Eric Wilson: Welcome. There are many who after leaving the organization of Jehovah’s Witnesses lose all faith in God and doubt that the Bible contains his word to guide us to life. This is so sad because the fact that men have misled us should not cause us to lose trust in our heavenly father. Still, it does happen all too often, so today I’ve asked James Penton who is an expert in religious history to discuss the origin of the Bible as we have it today, and why we can trust that its message is as true and faithful today as it was when originally penned.
So without further ado, I will introduce Prof. Penton.
James Penton: Today, I’m going to talk about problems of understanding what the Bible really is. For generations within the broad Protestant world, the Bible has been held in the highest regard why most believing Christians. Besides this, many have come to understand that the 66 books of the Protestant Bible are the word of God and our inerrant, and they often use second Timothy 3:16, 17 in which we read, “All Scripture is given by inspiration of God and is profitable for doctrine, for reproof, for correction, and for instruction in righteousness, that the man of God may be perfect, thoroughly furnished unto all good works.”
But this does not say that the Bible is inerrant. Now, the Bible was not always regarded as the sole basis of authority by which Christians were to live. In fact, I remember as a boy in Western Canada seeing Roman Catholic posts, statements to the effect that, ‘the church gave us the Bible; the Bible did not give us the church.’
Thus it was that authority to translate and determine the meaning of texts within the Bible that was left entirely with the church of Rome and its pontiffs. Curiously, however, this position was not taken as dogma until after the outbreak of the Protestant Reformation at the Catholic Council of Trent. Thus, Protestant translations were outlawed in Catholic countries.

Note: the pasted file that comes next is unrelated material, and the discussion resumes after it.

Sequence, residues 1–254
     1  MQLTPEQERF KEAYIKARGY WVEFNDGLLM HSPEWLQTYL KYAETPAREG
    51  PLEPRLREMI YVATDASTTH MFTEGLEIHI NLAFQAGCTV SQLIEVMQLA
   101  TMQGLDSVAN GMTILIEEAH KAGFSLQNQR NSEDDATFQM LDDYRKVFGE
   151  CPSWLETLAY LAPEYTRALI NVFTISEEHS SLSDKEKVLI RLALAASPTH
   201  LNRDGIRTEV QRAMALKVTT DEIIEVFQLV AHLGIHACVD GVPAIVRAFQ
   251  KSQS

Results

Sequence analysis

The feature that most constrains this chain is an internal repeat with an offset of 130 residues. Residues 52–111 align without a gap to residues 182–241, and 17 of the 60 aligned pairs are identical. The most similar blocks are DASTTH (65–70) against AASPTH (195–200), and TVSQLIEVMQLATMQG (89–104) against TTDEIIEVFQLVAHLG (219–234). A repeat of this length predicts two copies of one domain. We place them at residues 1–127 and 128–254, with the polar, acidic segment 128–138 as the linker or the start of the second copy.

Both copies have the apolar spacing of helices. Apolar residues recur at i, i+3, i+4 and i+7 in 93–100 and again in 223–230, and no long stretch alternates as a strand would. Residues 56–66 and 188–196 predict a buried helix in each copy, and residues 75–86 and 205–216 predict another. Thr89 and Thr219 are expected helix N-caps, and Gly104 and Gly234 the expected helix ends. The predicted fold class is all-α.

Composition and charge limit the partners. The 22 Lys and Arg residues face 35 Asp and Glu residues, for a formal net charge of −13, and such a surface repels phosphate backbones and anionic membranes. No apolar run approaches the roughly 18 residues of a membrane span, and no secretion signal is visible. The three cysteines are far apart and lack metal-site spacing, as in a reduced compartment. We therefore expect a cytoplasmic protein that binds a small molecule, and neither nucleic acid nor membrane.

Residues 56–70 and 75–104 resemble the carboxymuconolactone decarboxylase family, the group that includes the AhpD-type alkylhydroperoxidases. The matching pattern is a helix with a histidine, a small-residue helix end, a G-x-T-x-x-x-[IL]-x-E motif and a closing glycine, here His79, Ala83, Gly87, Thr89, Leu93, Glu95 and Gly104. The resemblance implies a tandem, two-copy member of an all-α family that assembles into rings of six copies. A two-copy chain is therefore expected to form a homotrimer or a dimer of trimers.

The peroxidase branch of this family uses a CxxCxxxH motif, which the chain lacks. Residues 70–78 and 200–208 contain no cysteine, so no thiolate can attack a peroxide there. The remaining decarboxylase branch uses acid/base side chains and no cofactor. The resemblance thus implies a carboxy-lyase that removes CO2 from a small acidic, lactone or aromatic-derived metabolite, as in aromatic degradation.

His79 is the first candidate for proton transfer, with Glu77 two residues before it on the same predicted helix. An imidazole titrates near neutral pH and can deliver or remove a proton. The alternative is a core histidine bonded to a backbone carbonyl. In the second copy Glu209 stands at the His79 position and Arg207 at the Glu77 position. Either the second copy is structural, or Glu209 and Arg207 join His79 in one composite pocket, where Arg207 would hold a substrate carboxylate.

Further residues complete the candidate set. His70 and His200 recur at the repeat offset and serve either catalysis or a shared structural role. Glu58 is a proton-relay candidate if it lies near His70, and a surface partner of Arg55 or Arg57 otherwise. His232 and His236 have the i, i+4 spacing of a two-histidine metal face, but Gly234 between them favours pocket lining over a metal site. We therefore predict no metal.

Martin Luther was the first one to accept all the material in the 24 books of the Hebrew Scriptures, although he arranged them differently than did the Jews and because he did not regard the 12 minor prophets as one book. Thus, on the basis of the ‘sola scriptura’, that is the ‘Scriptures alone doctrine’, Protestantism began to question many Catholic doctrines. But Luther himself had difficulty with certain books of the New Testament, especially the book of James, because it did not fit with his doctrine of salvation by faith alone, and for a time the book of Revelation. Nevertheless, Luther’s translation of the Bible into German established the basis for the translation of the Scriptures in other languages as well.
For example, Tindall was influenced by Luther and began the English translation of the Scriptures and laid the basis for later English translations, including the King James or Authorized Version. But let us take some time to deal with certain aspects of the history of the Bible prior to the Reformation that are not generally known.
First, we don’t know exactly why or by whom the Hebrew Bible was formerly canonized or what books were to be determined to be included within it. Although we have pretty good information that it was during the first century of the Christian era, it must be recognized however that much work in organizing it had been done shortly after the return of the Jews from Babylonian captivity, which took place in 539 BC or immediately thereafter. Much of the work of using certain books in the Jewish Bible is attributed to the priest and scribe Ezra who emphasized the use of the Torah or first five books of both the Jewish and Christian Bibles.